Saint Augustine Quote of the Week: on literalism

Long story short, folks:  Augustine wasn’t a Biblical literalist.  You can look it up.

“It not infrequently happens that something about the earth, about the sky, about other elements of this world, about the motion and rotation or even the magnitude and distances of the stars, about definite eclipses of the sun and moon, about the passage of years and seasons, about the nature of animals, of fruits, of stones, and of other such things, may be known with the greatest certainty by reasoning or by experience, even by one who is not a Christian. It is too disgraceful and ruinous, though, and greatly to be avoided, that he [the non-Christian] should hear a Christian speaking so idiotically on these matters, and as if in accord with Christian writings, that he might say that he could scarcely keep from laughing when he saw how totally in error they are. In view of this and in keeping it in mind constantly while dealing with the book of Genesis, I have, insofar as I was able, explained in detail and set forth for consideration the meanings of obscure passages, taking care not to affirm rashly some one meaning to the prejudice of another and perhaps better explanation.”

  • The Literal Interpretation of Genesis 1:19–20, Chapt. 19 [AD 408]

Quote of the Week: on freedom

“Things happen for reasons that are hidden from us…as long as we think they must proceed from what has come before, our guilt or our deserving, rather than coming to us from a future that God in his freedom offers to us.”

Not from Augustine this week, but from a book I read recently and loved, Lila by Marilynne Robinson, the best book I’ve read so far this year.  Here is a link to my full review: LILA

Saint Augustine Quote of the Week

Proof that I can bring liberal Christian view to anything

I attended a poetry event yesterday evening that included a man reading a poem while dressed as a bear, a poem about insects infesting vaginas, and a poem that is sure to end a marriage, if it hasn’t already.  Oh, and a painted penis (and I don’t mean a painting OF a penis).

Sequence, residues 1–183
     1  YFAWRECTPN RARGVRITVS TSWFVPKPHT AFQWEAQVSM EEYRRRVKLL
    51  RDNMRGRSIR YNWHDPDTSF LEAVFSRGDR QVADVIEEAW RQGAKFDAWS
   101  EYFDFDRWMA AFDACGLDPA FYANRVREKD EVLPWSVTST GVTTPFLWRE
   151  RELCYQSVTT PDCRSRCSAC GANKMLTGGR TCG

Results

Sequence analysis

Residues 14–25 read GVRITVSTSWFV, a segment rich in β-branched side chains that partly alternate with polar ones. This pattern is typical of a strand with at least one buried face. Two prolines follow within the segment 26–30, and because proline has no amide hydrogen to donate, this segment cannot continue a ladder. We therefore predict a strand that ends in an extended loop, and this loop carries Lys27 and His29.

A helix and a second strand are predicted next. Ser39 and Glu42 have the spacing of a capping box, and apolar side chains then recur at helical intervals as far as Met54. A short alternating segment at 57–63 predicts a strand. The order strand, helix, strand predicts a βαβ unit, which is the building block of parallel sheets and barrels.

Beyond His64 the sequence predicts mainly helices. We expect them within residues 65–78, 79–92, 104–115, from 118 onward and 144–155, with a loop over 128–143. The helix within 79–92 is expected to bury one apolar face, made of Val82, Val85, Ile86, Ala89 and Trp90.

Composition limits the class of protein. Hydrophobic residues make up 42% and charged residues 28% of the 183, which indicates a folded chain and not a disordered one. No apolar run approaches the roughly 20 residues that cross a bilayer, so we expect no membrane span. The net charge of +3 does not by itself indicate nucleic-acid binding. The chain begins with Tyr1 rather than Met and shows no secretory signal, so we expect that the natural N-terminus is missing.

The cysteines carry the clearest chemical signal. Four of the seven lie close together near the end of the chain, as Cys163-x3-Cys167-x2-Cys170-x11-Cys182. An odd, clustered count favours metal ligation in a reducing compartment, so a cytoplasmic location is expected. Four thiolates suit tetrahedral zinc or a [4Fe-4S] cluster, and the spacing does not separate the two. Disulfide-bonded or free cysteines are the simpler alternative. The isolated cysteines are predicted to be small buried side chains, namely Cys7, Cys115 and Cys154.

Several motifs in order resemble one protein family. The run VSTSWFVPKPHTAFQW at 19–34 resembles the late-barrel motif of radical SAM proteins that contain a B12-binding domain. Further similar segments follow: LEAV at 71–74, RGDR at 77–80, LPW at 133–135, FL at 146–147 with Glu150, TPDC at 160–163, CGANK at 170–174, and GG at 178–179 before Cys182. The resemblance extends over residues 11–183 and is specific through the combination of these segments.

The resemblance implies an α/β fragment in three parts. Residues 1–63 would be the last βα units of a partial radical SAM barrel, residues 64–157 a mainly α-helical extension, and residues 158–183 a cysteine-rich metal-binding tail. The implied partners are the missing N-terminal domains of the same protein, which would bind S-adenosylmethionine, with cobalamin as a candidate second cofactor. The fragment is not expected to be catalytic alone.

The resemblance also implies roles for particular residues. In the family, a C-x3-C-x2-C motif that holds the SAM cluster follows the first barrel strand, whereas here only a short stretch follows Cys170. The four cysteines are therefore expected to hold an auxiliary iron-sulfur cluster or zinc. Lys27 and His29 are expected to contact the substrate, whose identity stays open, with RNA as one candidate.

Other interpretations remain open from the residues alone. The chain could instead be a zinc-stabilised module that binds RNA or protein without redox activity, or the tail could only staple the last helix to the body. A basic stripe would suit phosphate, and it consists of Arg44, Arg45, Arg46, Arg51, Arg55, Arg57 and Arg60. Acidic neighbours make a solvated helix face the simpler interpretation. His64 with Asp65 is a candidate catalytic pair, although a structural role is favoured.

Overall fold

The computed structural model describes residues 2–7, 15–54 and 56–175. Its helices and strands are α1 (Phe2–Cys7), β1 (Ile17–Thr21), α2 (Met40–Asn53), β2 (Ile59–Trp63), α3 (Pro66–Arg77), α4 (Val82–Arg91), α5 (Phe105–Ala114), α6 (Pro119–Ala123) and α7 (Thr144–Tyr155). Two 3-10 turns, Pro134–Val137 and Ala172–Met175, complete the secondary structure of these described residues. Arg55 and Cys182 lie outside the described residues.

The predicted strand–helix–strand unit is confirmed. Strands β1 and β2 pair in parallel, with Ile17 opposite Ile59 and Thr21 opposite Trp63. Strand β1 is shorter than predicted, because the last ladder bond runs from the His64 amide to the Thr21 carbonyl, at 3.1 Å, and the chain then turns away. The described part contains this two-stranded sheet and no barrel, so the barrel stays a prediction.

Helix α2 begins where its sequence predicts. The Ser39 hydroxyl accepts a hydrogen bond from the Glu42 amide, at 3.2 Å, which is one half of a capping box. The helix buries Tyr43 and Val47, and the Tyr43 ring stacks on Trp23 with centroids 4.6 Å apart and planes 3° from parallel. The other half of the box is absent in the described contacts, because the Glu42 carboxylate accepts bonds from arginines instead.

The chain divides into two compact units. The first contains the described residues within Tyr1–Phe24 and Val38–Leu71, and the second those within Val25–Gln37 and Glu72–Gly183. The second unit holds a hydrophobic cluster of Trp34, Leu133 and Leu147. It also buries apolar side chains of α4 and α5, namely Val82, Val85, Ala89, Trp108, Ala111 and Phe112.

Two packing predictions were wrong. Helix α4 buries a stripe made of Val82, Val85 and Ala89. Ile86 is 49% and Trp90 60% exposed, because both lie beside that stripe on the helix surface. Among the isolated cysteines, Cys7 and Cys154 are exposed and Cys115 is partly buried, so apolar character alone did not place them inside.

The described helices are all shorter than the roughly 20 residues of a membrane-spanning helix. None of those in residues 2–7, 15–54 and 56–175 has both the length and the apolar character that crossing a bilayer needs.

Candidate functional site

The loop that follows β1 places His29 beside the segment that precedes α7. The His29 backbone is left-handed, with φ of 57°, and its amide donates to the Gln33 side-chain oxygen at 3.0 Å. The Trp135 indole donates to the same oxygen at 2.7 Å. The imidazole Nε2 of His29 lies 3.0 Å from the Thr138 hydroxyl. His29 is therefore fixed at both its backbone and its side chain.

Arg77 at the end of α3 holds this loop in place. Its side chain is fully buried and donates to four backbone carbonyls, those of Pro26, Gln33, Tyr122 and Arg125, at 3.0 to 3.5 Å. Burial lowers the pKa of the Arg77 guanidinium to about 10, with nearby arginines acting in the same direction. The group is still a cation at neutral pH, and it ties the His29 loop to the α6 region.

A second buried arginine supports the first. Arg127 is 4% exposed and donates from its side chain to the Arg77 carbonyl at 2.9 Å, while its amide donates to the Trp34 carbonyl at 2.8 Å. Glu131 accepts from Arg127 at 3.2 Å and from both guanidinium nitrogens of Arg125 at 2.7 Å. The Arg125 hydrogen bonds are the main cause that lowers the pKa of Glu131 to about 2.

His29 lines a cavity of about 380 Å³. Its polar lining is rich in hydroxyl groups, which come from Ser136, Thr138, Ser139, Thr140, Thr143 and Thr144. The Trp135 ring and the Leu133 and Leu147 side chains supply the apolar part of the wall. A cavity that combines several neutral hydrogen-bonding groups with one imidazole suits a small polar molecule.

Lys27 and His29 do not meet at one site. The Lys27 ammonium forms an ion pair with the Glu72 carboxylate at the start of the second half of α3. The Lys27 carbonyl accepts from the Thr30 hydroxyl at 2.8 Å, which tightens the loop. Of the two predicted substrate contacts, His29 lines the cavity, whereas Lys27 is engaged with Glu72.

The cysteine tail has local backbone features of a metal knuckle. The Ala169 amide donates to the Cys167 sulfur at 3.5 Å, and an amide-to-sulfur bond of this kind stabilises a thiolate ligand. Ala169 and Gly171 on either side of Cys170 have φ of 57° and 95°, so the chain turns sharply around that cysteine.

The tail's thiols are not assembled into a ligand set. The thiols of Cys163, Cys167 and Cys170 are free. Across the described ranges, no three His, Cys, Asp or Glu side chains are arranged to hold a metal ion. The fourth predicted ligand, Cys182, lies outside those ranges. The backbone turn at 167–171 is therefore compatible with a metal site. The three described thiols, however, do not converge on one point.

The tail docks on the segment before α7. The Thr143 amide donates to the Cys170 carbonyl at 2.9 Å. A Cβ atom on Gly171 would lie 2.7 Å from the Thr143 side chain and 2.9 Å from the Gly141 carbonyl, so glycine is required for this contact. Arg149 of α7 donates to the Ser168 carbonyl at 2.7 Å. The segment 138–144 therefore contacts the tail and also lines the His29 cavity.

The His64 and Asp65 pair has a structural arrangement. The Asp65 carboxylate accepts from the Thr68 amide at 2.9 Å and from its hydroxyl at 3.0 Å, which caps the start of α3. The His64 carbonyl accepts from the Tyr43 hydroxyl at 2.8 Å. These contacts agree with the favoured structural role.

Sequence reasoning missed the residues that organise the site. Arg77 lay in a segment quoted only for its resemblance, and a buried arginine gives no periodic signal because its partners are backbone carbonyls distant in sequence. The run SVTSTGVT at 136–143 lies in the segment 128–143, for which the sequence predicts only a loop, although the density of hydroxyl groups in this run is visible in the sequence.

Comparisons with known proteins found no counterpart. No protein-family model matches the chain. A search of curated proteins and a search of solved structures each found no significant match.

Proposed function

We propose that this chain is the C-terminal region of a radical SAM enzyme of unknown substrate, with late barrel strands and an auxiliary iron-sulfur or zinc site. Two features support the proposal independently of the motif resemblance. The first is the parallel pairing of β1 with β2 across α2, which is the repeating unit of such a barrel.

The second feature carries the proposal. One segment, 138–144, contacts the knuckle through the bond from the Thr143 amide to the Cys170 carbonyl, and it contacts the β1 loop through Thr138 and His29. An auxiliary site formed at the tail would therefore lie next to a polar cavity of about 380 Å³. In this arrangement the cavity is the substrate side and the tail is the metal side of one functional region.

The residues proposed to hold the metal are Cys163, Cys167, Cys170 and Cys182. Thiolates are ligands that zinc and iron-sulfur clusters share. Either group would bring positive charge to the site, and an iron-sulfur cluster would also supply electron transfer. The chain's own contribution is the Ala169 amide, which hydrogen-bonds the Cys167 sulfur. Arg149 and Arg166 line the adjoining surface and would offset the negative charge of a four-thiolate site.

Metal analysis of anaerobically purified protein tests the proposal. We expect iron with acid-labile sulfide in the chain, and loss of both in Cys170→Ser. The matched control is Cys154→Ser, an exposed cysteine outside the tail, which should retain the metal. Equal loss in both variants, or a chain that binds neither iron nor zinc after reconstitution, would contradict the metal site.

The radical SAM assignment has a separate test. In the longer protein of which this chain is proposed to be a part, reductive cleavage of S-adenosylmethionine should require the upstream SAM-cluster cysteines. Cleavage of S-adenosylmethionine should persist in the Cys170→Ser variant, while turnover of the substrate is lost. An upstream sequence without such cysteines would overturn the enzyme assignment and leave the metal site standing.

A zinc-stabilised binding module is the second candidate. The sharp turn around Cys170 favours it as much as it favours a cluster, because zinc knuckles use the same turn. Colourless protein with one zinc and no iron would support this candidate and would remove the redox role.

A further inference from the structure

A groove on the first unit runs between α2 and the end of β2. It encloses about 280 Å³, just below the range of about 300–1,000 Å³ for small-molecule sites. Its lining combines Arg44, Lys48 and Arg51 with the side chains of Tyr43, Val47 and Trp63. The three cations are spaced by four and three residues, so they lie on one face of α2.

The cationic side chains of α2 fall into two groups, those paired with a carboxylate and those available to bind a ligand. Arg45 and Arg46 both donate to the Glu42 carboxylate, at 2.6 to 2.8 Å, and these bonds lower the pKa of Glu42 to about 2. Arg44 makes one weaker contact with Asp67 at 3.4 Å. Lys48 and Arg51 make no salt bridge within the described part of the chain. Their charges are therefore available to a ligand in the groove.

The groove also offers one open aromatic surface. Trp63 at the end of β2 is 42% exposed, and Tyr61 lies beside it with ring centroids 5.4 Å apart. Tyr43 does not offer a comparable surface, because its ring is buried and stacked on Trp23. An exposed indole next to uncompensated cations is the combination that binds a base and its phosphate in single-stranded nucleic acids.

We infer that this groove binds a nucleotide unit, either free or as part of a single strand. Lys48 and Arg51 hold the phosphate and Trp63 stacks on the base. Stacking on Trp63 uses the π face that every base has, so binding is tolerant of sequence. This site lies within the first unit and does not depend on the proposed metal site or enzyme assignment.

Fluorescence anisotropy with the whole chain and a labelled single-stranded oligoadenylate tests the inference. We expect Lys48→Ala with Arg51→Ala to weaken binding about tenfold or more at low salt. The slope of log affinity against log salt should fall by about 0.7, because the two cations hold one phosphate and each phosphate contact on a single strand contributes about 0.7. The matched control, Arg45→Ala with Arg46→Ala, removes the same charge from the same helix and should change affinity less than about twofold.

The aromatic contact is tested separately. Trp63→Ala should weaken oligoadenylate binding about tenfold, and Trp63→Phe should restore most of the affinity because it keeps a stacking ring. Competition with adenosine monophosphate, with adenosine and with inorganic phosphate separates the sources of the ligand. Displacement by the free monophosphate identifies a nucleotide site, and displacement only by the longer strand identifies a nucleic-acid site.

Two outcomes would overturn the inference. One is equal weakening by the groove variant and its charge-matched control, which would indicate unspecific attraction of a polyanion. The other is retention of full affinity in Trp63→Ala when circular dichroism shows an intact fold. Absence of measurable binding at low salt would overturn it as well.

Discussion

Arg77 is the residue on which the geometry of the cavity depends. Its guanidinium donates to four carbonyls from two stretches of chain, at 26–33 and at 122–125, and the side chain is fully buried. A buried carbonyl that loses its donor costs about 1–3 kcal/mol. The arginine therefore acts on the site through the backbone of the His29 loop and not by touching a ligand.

In the age of Honey Boo Boo and Kim K’s booty, this is the level of spectacle required to get attention to poetry.  Our daughter is the absolute queen of this sort of spectacle, and my husband and I like to support her artistic endeavors, so we are frequently in the audience for this sort of thing.  Otherwise, I would probably never in my life attend an event that included penis-painting.

Now that we have ceased to be shocked by their bacchanalian shenanigans, we enjoy ourselves as outside observers of this counter-culture.  I’ve developed an affection for these young (and some not-so-young) people with their defiance of the conservative norms that I’ve lived by.  A healthy culture needs a counter-culture, a group of people who are pushing the boundaries of what society considers acceptable, who explore the mental dark corners and wild places that most of us avoid.  Margaret’s events bring a strong dose of humor to this exposure, but they are exposure nevertheless.  They are anarchic, they are sometimes offensive, they are pure spectacle.  And last night it occurred to me why this kind of art is important.  First, it is a howl of freedom.  But, more subtly, it insists on showing us the dark, messy, wild aspect of being human, the parts that we conservative, clean-living folks would rather forget about.  And it is therefore the antidote to the sin of Pride, to the notion of self-mastery, to the idea that on our own we could ever be as clean as we like to seem.

In short, it forces us to consider how desperately out of control we really are and why we need salvation.

Copyright 2014 Kathryn Bashaar | Design by | Adapted from PureType